My blogchild Owlish passes along this recipe for Caviar Dip. Looks downright sinful.

The Glittering Eye offers a Spinach Souffle in 3's, which would make a really good brunch dish.

Bothenook at A Geezer's Corner offers this appetizer that makes my arteries feel harder just reading it: Bacon Wrapped, Pecan Stuffed Dates. <homer voice>Mmmm. Bacon.</homer voice>

Like a perfect dinner, a revolution has to be "cooked" so that everything comes out even.
-- Heinlein's The Moon is a Harsh Mistress

Ted at Rocket Jones, who kindly sponsored my membership in the Munuvian clan, gives us two choices of Tamales this week -- Chorizo Apricot and Poblano Jack. He has made the recipes almost idiot-proof, even offering diagrams on how to put the tamales together in the corn husks:
I'm a multi-generation native Texan who loves tamales, but I've never tried to make them myself. Now I have no excuse but to do so.

Ith is organizing a Gathering of the Blogs around Tartan Day on April 6. As a proud owner of Scots blood (about 75%), I would love to participate, but I'm doing this Carnival instead. I guess I'll have to try some of her Bonnie Prince Charlie Chicken instead.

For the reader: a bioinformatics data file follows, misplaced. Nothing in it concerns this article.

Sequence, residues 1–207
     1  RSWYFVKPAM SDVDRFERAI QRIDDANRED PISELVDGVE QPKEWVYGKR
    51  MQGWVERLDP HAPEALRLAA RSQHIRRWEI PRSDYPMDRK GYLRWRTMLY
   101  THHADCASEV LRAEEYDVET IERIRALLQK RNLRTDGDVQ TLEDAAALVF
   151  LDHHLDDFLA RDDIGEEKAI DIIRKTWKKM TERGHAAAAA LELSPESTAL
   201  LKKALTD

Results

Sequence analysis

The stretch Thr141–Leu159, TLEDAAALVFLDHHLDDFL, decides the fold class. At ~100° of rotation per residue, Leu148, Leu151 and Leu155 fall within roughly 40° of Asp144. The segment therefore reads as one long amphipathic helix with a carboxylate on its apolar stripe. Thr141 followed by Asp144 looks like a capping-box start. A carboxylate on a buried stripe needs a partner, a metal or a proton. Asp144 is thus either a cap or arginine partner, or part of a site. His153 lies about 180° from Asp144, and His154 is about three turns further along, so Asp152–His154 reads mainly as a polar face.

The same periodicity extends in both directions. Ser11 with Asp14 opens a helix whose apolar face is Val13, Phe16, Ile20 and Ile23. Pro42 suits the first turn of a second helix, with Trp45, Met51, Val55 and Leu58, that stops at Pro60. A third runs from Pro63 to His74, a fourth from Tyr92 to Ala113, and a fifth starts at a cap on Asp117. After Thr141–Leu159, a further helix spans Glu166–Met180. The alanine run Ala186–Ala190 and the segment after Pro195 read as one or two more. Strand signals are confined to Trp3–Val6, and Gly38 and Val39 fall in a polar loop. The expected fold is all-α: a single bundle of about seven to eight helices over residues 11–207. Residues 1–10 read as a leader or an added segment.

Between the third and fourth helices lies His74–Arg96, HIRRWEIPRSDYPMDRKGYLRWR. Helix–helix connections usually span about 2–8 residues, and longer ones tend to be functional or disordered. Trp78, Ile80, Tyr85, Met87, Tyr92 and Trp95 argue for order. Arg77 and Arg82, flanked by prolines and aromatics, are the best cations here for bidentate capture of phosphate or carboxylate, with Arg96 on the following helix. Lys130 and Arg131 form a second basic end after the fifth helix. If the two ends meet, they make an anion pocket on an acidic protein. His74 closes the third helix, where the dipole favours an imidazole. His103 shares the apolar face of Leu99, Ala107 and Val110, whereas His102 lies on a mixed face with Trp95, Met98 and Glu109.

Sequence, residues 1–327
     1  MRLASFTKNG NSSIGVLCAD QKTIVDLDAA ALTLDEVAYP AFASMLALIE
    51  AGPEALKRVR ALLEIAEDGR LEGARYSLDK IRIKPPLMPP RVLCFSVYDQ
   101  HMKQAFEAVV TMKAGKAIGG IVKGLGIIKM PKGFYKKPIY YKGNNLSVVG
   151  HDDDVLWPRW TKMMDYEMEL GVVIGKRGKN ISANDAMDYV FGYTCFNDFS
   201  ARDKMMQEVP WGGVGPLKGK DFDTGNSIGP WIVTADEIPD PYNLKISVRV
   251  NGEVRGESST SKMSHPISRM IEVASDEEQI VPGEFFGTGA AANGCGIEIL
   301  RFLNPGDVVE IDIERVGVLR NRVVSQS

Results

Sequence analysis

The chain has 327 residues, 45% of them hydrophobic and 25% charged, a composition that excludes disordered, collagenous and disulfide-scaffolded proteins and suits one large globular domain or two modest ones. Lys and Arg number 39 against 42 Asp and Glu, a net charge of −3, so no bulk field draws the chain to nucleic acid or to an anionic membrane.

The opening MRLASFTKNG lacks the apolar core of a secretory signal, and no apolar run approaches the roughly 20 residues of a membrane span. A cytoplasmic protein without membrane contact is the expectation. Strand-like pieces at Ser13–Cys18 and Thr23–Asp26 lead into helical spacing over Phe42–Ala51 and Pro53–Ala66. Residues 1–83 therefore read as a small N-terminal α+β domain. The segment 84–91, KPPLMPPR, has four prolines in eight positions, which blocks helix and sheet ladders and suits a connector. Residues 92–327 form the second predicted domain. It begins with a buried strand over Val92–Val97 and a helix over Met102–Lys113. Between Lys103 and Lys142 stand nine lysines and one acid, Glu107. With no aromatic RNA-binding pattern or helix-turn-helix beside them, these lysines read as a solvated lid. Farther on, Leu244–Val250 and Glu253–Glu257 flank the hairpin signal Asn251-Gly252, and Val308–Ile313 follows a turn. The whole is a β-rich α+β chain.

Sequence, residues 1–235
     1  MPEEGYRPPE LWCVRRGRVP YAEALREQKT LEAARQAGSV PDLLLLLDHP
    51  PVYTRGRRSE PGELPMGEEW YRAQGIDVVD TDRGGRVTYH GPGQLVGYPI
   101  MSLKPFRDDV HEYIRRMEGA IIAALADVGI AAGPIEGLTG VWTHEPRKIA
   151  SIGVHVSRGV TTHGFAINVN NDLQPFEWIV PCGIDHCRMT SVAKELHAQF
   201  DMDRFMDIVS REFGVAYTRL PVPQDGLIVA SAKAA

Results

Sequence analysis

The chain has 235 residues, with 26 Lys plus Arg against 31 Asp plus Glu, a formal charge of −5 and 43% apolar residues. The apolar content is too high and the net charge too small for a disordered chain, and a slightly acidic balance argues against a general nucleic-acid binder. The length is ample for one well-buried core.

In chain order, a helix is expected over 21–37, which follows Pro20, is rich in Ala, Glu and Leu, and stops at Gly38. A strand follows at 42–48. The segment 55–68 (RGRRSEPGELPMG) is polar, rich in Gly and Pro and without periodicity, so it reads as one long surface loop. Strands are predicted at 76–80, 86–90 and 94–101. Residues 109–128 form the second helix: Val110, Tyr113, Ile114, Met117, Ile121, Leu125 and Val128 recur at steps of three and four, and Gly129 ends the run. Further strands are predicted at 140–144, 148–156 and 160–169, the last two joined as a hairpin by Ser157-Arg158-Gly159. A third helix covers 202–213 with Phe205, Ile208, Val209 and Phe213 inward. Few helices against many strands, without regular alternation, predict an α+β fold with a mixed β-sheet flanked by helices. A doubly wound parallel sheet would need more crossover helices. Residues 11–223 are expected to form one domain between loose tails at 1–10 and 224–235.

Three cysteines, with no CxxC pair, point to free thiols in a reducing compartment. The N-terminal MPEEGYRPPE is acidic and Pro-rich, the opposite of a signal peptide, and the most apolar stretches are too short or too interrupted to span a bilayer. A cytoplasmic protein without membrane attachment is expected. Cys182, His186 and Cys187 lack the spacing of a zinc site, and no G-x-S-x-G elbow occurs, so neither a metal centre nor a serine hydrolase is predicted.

Shrimps.jpgAllan found a recipe for Southwestern Stir-Fried Shrimp that is low in fat and calories, but not in flavor. Cumin, bell peppers, and lime will keep this one interesting, though I suspect I would increase the Cayenne pepper from 1/8 to 1/4 or 1/2 teaspoon to get the heat where I like it.

Sissy Willis made a Crown Roast of Pork with Apple and Sausage Stuffing and Gravy for Easter dinner. Check out her variation on Sweet Potato Casserole, below.